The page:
I yell out stuff suddenly. That’s something that can happen to me anywhere. Just like Tourette’s syndrome. Just like an itch in my head. The future, I mean. An itch that I can scratch only by shouting stuff at people. So I yell this: Outside, cannibals now roam the streets. I yell: Fresh Direct trucks deliver food only to those with gold in their cellars. I yell: We wander in packs now. On the streets of New Delhi. And São Paulo. I yell: Love terrorists they’re called. They blow up people randomly so that the rest of us will have more room. I yell this sort of stuff in subways too.

 

A young woman smirks at me. Once upon a time I might have been able to date her. Before I got this calling, I mean. So you can see the future, she says. Oh you have no idea, I say. Take you for example. And then I go into it all. In detail. What I don’t tell her before she walks away, clearly furious with me, is that it isn’t quite her future I’m predicting. It’s her daughter’s future. I’m telling her all about her unborn daughter’s future. She’s pregnant. She doesn’t know it yet. She will soon.

 

Another woman, with a baby in a stroller, is saying to me: You get the fuck out of here now. I don’t get to tell her baby his whole future. I’m often yelling at babies. I can see what they’re going to do. And a lot of it isn’t very nice. Not at all.

 

This gets me arrested. More than once. Did I mention that I don’t have my job anymore? Or a place to live?

 

In bars it’s much much worse. I turn to the guy on my right. I’m drinking a beer. He’s drinking a beer. That’s usually all it takes to start a conversation in a bar. I can see the future, I tell him cheerily. Oh yeah? he says. Your future looks like this, I say. Your son will talk to squirrels. He’ll say: It’s just bad luck to be a squirrel, squirrel. It’s bad luck to be anything, pretty much. Some of us humans, we’re okay, we’re lucky. Too bad for you, squirrel.

 

And then he’ll deftly kill the squirrel with a flip of a garbage can cover, I say. Your son is kind of clever and witty, but he’s crazy too, I tell the guy on my right. A steady diet of squirrel can do that to a person, I guess. I don’t think it’s a complete protein, I muse. He cooks them, by the way. He’s lucky. Most other people in his age group have to eat them raw. The guy’s gotten off his stool, moved away from me. I don’t miss a beat, I turn to the guy on my left. I can see the future, I tell him cheerily. Oh yeah? he says. You’ll tell your daughter stories. I have a daughter? he asks. You will, I say. You’ll tuck her into soft mounds of dirt each evening. Once upon a time, you’ll say, we had things. Things? she’ll ask. What are things?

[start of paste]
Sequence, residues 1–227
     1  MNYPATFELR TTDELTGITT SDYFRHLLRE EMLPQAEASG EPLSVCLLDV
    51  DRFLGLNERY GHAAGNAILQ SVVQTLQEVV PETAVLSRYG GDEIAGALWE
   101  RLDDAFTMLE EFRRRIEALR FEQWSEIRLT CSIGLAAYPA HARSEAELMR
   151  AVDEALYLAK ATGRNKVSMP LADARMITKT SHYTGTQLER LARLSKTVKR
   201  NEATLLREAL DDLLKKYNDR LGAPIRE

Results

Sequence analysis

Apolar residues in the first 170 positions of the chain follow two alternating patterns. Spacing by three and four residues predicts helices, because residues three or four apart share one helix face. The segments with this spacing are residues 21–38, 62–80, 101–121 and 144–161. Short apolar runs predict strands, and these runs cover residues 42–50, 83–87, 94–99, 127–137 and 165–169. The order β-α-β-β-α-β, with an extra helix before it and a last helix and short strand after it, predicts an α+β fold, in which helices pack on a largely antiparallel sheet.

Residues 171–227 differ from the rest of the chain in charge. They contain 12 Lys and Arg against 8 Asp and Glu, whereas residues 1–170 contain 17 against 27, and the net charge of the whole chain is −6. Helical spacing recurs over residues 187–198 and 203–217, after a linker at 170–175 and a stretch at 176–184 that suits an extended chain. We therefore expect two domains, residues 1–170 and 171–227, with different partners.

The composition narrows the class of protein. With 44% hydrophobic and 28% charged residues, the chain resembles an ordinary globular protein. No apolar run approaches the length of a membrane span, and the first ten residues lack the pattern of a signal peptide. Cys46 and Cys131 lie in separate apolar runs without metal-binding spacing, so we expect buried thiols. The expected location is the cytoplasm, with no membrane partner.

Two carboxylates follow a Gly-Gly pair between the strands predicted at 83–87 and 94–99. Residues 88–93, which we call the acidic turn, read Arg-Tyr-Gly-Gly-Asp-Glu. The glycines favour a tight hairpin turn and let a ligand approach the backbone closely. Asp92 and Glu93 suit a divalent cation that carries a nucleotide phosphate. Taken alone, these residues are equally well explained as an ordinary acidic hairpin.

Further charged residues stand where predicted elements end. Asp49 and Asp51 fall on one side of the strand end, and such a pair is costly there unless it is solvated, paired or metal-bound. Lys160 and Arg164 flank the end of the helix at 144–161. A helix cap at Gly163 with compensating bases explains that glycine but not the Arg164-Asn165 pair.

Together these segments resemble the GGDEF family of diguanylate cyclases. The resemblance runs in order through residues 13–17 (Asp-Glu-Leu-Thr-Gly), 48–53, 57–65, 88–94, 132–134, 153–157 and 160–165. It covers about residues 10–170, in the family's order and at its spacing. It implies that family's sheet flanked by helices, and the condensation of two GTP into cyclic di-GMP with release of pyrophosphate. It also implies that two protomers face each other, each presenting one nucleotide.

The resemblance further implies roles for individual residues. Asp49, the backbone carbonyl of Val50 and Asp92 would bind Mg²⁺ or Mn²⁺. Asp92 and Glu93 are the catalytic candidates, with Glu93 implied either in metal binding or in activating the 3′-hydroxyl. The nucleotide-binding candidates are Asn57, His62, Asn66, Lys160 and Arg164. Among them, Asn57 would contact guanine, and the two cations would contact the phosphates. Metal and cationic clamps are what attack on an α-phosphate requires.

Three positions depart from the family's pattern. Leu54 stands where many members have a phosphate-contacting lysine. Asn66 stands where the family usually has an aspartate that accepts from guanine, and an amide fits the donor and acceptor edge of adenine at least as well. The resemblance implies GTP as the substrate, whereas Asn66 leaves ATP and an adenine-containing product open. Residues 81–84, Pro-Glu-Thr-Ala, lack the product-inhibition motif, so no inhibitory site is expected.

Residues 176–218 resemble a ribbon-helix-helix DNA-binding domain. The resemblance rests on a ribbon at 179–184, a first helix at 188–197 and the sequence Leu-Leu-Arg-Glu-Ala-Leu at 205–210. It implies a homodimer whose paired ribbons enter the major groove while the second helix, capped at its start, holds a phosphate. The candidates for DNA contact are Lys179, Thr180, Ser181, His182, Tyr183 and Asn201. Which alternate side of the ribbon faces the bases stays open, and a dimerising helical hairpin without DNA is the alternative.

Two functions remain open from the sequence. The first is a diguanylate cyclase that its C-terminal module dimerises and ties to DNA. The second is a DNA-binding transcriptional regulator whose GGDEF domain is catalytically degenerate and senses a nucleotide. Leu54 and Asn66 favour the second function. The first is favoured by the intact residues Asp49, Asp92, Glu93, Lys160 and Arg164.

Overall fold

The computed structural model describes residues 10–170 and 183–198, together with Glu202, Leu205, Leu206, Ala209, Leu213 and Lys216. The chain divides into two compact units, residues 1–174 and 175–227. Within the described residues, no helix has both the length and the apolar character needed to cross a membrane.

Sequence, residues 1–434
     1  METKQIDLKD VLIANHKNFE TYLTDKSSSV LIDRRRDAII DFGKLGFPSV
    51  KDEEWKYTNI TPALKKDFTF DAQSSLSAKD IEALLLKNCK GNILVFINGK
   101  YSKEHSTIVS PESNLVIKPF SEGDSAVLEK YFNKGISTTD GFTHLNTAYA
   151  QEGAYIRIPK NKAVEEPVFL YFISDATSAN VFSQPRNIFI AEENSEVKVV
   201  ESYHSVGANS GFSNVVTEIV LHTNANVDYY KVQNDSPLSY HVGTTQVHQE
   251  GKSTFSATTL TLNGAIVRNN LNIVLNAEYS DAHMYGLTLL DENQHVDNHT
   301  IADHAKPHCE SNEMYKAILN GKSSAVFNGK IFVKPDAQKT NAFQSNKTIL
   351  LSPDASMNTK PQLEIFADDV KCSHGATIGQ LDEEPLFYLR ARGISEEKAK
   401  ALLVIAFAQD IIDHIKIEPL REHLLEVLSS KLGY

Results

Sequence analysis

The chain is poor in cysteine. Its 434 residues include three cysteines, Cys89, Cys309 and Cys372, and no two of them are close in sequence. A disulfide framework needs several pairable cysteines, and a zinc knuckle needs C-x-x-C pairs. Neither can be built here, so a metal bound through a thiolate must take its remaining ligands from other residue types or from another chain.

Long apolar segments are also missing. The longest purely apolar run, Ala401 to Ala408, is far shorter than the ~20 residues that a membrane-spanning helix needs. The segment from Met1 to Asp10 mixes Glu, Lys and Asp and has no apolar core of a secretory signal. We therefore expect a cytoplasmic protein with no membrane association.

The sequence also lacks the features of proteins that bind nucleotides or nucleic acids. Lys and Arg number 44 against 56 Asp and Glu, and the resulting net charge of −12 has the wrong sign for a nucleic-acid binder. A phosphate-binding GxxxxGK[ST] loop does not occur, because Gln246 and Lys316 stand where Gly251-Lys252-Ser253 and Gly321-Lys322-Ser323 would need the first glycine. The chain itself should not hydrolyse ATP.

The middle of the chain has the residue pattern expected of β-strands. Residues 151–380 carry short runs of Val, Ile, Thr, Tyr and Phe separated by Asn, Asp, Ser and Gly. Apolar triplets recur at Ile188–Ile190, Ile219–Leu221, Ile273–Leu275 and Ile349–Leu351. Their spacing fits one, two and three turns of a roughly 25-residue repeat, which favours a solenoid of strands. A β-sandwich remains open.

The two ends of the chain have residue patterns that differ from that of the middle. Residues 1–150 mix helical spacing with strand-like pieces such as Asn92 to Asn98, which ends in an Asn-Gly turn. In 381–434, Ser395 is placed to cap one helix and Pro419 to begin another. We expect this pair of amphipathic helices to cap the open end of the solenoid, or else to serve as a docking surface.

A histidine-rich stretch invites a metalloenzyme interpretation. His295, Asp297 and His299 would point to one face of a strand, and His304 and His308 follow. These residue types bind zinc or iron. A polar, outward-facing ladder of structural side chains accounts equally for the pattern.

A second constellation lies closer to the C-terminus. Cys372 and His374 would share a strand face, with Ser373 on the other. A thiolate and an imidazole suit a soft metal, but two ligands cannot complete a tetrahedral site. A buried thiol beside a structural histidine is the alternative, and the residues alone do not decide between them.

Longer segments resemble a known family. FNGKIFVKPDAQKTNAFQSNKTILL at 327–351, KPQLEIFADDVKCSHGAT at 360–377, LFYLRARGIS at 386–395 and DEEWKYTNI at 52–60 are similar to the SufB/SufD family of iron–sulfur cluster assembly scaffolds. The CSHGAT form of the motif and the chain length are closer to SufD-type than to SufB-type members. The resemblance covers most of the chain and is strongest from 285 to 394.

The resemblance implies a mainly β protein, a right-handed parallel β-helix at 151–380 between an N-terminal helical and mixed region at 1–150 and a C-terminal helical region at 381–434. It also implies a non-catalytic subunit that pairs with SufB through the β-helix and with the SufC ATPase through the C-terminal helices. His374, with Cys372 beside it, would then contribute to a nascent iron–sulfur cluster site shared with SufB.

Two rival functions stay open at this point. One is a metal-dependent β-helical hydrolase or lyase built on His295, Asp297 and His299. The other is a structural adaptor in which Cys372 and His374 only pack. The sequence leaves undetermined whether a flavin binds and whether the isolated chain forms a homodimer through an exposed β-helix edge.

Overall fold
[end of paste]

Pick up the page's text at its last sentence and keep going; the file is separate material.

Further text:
I’m telling a third guy that his son is going to grow up to be a housing inspector. We’ll going to be living in wrecks of houses, I say. Half under water, I add, that sort of thing. We’ll call them houseboats. Even though they don’t move. Even though everything’s wet inside. It’s sort of a joke we tell each other. Your son’s job will be to inspect them, to make sure these wrecks of houses half under water are up to code. New York City regulations. They’ll be even more pointless than they are now. He’ll take bribes, by the way. But because there’s no currency anymore, he’ll take the bribes in other forms, like cooked food or sexual favors—from children for example.

 

This is the first guy that punches me out. Some other people in the bar cheer him on. Others call out that I’m crazy. I get pretty injured even though several people try to stop the fight after I’ve been knocked down and kicked a few times. I’ve now learned that people always kick you when you’re down. I mean if they’ve knocked you down in the first place. I guess that’s the whole point of knocking you down. For some people, anyway.

 

Maybe it’s 2025 or maybe it’s 2030 I’m saying to someone. I’m not sure, I say, because I’m always a little hazy on the dates. He’s looking at me. This conversation isn’t going well, I can tell. None of my conversations go well anymore. But I can’t stop myself. The itch in my head won’t let up. One day, I say to this guy, your son. He interrupts me. My son? You’re going to have a son, I say, two sons actually. Oh, he says. So where was I? I say aloud. Oh yeah, so one day, this is the older son, he’s going to say to you, I like porcelain. How’s that? you’re going to say, just like that. It doesn’t die from natural causes, he’s going to tell you, porcelain always dies a violent death. That’s so cool, he’s going to say. The man looks directly ahead as if he’s thinking about something. Really? he says finally. That’s kind of weird, he adds. That’s exactly what you’re going to think, I tell him. It’ll be too late, of course, I add. But the man has already gotten off the stool, and moved away from me. He’s conferring with what looks like the manager. They whisper and point at me. They’re not hiding what they’re doing. I can see the manager’s future too. He gets to die from complications from some weird new disease. That means I’m going to have to tell him that if he comes over. He isn’t going to like it. Which he doesn’t.